Since so much of the Atlantic Forest was originally cut down to grow coffee, we’ve been searching for an organic coffee company to partner with us. In 2015 we discovered Kitanda, a growing Brazilian family run business in Seattle, who’s joining this  effort hoping that you’ll enjoy their masterful blend of fair trade, organic coffee beans from Brazil as a reward for helping us to restore our rainforest! 

You’ll also receive downloads of music, gift cards and gift certificates that you can give as your own green gifts!

Deborah Koff-Chapin Gift Cards

Gift Certificate Sample

Here’s how the project began…

When I learned that 93% of the Brazilian rainforest where I was born had disappeared in my lifetime, I was shocked into action. So I found people who knew more about the land than I did, and together we started a reforestation project.

Over several years, I teamed up with a network of sustainable seed harvesters, small NGOs and subsistence farm families who now live on barren land that was once a lush rainforest. They want to replant their land, without adding toxic chemicals to their groundwater, as they’re being taught to do by certain entities.

In some of the areas we’ve helped plant in the past years, residents are challenged by the eucalyptus plantations (for paper pulp) that work with agrochemical companies, and their green gloved NGO partners who approve of planting genetically engineered trees, sprayed with toxic herbicides.

Once abundant water sources were sucked dry by thirsty, fast-growing, eucalyptus trees, contributing to epic droughts, while pollinators die, and remaining water supplies are contaminated by glyphosate, now recognized as a carcinogen by the World Health Organization.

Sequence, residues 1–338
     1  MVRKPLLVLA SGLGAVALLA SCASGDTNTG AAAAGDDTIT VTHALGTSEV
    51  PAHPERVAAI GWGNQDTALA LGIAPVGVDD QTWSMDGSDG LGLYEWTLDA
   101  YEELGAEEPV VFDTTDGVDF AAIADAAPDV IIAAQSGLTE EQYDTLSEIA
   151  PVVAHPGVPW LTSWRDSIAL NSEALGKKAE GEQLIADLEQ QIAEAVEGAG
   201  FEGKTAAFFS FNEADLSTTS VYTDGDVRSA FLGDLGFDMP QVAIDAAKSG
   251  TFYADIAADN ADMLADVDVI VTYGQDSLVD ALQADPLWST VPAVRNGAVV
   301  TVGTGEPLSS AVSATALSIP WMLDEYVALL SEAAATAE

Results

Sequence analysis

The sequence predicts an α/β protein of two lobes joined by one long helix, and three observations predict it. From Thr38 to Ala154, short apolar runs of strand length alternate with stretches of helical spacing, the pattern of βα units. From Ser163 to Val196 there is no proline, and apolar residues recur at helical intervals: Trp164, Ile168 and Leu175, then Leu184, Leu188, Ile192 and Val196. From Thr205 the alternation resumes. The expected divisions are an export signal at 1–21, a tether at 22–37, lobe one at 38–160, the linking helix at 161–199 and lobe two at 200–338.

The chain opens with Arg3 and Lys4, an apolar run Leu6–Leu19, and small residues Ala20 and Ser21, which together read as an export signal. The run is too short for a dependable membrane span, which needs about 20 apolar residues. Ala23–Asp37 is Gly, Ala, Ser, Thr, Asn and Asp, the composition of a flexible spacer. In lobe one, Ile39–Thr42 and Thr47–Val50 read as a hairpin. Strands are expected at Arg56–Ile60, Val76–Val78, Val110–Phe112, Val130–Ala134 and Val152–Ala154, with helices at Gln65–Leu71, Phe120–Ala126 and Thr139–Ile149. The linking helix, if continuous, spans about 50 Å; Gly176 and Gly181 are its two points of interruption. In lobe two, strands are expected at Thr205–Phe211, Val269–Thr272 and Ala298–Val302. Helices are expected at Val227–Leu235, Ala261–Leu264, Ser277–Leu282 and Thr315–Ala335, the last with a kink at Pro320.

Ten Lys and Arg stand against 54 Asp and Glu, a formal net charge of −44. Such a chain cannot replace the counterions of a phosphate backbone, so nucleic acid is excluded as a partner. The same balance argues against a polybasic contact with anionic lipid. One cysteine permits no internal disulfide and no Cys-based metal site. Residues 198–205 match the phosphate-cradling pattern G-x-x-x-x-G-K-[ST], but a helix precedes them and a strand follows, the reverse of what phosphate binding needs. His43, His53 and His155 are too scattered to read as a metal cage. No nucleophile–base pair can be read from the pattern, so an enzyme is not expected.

In contrast, when we give rural families a gift of organically grown, native species trees, they renew the life of the rainforest to benefit us all.

 Together, we are renewing the planet’s precious natural resources for our kids.

Since our beginning, the project has attracted a global community of supporters: Michael Bernard Beckwith (featured in “The Secret” and founder of Agape International Spiritual Center), Rickie Byars Beckwith (founder of the Agape International Choir), Carolyn MacDougall (Teecino founder), DC Cordova (CEO of Money and You), Deborah Koff-Chapin (founder of the Touch Drawing Center), Katherine Woodward Thomas (author of “Calling in The One” and “Conscious Uncoupling”), Marie Diamond (featured in “The Secret”), Martin Dunkerton (author of “Awakening Your Riches”), Ryan Eliason (creator of the Social Entrepreneur Empowerment series), George Kao (creator of the Enlightened Business Bootcamp), Steve Bhaerman (a.k.a. Swami Beyondananda, co-author of “Spontaneous Evolution: Our Positive Future”), Vicki Robin (author of “Your Money or Your Life”), Natalie Ledwell (co-creator of Mind Movies), Sylvie Rokab (director of “Love Thy Nature”), Daniel Nahmod (Humanity Music Co.) and Nimo (Empty Hands Music) are among them.